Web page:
The Epidemic of Facelessness by Stephen Marche, 2015, The New York Times

  • “And the rest of us, in our indignant perfection, will shake our heads and tweet about it.”

    Katie Roger’s article on the irreality of identity in our age through the public and anonymous Ken Bone

  • “Often [‘real name’] policies attempt to reduce or eliminate the veil behind which online bullying, harassment, and stalking can occur. However, there are unintended consequences to anti-pseudonymity policies.”

    Geek Feminism’s list of Who is harmed by a 'Real Names' policy?

system goals.

Using anonymity to “create a crime,
exposing a bigger crime.”

Graffiti artist SkidRobot

  • Anonymity is the spiritual foundation of all our traditions, ever reminding us to place principles before personalities.”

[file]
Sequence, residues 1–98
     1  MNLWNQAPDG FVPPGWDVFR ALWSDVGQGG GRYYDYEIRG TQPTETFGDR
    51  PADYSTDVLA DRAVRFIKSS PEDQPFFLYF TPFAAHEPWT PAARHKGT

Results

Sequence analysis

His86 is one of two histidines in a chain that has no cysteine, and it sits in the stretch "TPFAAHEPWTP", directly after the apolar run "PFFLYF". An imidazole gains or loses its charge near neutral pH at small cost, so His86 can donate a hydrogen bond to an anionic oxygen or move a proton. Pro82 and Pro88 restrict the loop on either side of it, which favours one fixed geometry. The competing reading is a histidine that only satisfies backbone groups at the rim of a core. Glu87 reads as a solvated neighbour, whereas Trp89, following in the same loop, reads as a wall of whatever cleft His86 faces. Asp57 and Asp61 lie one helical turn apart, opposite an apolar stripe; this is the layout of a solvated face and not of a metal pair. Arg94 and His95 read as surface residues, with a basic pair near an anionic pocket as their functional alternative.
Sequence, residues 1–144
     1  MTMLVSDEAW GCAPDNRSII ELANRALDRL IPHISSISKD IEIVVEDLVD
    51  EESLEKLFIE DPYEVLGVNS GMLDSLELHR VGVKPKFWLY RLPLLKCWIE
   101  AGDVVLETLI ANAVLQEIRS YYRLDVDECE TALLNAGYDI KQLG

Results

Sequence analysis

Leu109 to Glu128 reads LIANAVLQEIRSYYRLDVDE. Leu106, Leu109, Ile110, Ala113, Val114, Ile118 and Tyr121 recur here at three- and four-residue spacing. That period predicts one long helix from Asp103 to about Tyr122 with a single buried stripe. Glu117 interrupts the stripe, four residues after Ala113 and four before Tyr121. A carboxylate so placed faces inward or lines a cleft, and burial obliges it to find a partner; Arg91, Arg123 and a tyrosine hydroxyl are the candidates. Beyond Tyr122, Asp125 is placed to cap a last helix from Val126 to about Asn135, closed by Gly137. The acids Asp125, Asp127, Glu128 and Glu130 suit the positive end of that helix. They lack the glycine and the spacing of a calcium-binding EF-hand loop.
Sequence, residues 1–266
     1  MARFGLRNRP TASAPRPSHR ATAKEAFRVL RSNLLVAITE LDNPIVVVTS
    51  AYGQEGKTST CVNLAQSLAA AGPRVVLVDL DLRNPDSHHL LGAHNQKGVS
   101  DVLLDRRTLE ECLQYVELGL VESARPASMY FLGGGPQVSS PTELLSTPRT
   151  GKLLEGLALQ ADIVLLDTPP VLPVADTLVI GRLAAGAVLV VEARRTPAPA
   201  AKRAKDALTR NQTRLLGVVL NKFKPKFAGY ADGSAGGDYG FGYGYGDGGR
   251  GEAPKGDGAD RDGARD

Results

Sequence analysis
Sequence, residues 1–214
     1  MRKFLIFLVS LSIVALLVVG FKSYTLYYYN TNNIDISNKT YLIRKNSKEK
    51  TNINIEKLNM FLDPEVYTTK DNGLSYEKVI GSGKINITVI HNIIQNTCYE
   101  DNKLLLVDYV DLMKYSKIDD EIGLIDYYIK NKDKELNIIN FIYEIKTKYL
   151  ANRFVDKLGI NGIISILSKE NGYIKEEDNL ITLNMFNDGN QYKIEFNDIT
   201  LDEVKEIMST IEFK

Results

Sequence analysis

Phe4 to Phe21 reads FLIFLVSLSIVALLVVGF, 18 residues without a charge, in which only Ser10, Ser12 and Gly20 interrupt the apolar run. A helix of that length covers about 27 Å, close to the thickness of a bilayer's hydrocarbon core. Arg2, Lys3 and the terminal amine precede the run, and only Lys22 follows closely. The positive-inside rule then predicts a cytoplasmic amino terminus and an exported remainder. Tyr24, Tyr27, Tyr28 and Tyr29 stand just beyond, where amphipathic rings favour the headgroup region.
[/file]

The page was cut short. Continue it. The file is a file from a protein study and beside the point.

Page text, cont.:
Tradition 12 of Alcoholics Anonymous

  • “Anonymity on the internet provides a vital service and enhances freedom of expression and that most negative affects of anonymity can be minimized by following a few guidelines related to how anonymous services are provided and used.”

    A 1995 MIT student paper by Karina Rigby, Anonymity on the Internet Must be Protected

  • “Imagine if all of art history was taught without the identity of the artist. Suddenly, all of art would be open to wider interpretations without being stuck in a meaningless cycle of artistic movements and personalities. Anonymous street art radically poses the question of how much an artist’s identity really matters to art-viewing.”

    Emily Colucci’s 2011 Thoughts on Anonymous Street Art